The science behind the CBDA cannabinoid
It’s crazy to think that just a couple of short decades ago, no-one had heard of CBD, and now it’s almost everywhere you go, from the local farmer’s market to the gas station. However, CBD is just one of over 100 cannabinoids that can be isolated from the hemp plant and, now that hemp is legal once again, research into the health benefits of various major and minor cannabinoids is mounting up.
CBDA hit the headlines last week, when its potential to treat and prevent the coronavirus infection was revealed in a preclinical study, causing millions of people to suddenly ask questions like “what is CBDA?” and “what is CBDA used for?”.
In this article, we’re going to take a closer look at the available research on CBDA to see what we know about its effects and benefits so far.
- What is CBDA?
- What does CBDA do?
- What CBDA products are available?
- CBDA vs CBD
What is CBDA?
Cannabinoids are biologically active compounds that interact with our body’s endocannabinoid systems and modern research has recently identified these compounds in a variety of plants in nature (besides cannabis), including echinacea, ginseng, black pepper, and broccoli.
However, CBDA is one of over 100 cannabinoids that can be extracted from the cannabis or hemp plant. CBDA starts life in the resinous glands of the hemp or cannabis flower as cannabigerolic acid (CBGA), which is known as the grandmother of all cannabinoids. Depending on which plant enzymes are activated to influence the synthesis, CBGA transforms into one of three cannabinoids, tetra-hyrdocannabinolic acid (THCA), cannabichromenic acid (CBCA), or cannabidiolic acid (CBDA).
Does CBDA turn into CBD?
These raw compounds are the acidic precursors to the cannabinoids THC, CBC, and CBD, respectively. CBDA converts into CBD when it is exposed to sunlight or heat, through a transformational process called decarboxylation, in which it loses it’s acidic, or carboxyl, group of atoms.
What does CBDA do?
Compared to CBD, research into the therapeutic potential of CBDA is still in its infancy and there isn’t any human research available at this point. As you can imagine, most of the studies have been carried out in preclinical lab settings and on animals, so more research is needed before we’re able to say what benefits CBDA might have in the human body.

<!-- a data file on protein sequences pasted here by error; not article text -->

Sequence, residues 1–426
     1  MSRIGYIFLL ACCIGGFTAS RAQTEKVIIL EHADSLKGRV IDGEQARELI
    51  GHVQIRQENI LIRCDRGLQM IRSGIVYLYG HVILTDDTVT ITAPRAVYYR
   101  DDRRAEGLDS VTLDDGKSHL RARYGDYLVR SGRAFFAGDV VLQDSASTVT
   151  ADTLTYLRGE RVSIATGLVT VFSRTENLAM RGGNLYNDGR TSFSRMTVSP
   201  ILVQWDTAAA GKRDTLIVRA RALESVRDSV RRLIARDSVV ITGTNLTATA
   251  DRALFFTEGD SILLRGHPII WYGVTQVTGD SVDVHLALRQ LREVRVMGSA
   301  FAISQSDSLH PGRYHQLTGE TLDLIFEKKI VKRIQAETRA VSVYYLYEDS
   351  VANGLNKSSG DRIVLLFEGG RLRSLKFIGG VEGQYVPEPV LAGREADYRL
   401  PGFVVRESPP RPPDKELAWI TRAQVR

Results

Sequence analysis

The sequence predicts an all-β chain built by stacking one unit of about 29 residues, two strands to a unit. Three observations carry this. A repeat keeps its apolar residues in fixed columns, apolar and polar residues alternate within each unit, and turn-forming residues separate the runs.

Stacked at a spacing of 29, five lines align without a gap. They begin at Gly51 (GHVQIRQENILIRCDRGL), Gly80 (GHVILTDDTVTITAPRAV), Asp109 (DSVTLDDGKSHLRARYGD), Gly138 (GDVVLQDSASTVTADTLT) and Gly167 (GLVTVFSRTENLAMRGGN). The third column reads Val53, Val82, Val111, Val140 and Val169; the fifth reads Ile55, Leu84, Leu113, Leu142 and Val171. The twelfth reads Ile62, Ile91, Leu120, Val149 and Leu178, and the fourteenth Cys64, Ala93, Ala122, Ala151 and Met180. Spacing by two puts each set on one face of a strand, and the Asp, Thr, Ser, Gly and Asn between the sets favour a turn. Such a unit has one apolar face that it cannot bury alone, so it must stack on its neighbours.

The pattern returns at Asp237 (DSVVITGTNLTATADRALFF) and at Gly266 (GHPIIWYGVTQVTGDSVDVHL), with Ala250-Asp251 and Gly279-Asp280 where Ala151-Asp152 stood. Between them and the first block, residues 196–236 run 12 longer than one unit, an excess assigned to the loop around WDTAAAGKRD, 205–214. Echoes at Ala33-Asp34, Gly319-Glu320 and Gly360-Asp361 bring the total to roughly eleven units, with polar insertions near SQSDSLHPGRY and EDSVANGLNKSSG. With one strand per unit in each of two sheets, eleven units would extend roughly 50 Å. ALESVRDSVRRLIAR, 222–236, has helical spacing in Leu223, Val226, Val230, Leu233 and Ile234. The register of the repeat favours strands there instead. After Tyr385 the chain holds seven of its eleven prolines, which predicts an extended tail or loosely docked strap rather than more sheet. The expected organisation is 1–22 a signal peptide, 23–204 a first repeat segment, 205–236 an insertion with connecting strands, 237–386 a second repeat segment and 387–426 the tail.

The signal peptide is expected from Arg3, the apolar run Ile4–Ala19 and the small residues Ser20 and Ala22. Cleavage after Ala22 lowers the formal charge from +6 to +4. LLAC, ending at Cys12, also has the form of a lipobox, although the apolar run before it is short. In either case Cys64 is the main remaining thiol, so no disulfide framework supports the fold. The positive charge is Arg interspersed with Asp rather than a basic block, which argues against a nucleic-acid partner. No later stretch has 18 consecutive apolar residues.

Below we’re outlined the five areas that we believe to be the most promising benefits of CBDA.
CBDA effects – is CBDA psychoactive?
Like CBD, CBDA is unable to bind to the cannabinoid type 1 (CB1) receptors in our brains, meaning a CBDA tincture, no matter how strong, shouldn’t be able to make you feel intoxicated. Any direct effects you might feel from taking CBDA will be much more subtle. Some people have reported feeling more relaxed and have also experienced an improvement in their overall mood.
Top 5 Potential CBDA benefits
Like other cannabinoids, CBDA is able to interact with our endocannabinoid system, but it doesn’t bind to our cannabinoid receptors like some other cannabinoids do. Instead, CBDA exerts its influence indirectly by inhibiting cyclooxygenase-2 (COX-2) enzymes and serotonin reuptake.
1. CBDA to reduce inflammation and inflammatory pain
One of the areas that has the most research so far is using CBDA for pain, especially inflammatory pain.
COX-2 enzymes are associated with inflammation at the site of an injury or infection and in a 2008 study, CBDA was shown to inhibit these enzymes in a similar fashion to aspirin or other non-steroidal anti-inflammatory drugs (NSAIDs). CBDA was shown to reduce inflammation, as well as any pain associated with the inflammation.
Interestingly, CBDA looks chemically similar to salicylic acid (aspirin) and other NSAIDs as it carries the same carboxyl group of atoms that ultimately define it as acidic (as we discussed previously, when CBDA is decarboxylated it loses this carboxyl group and becomes CBD).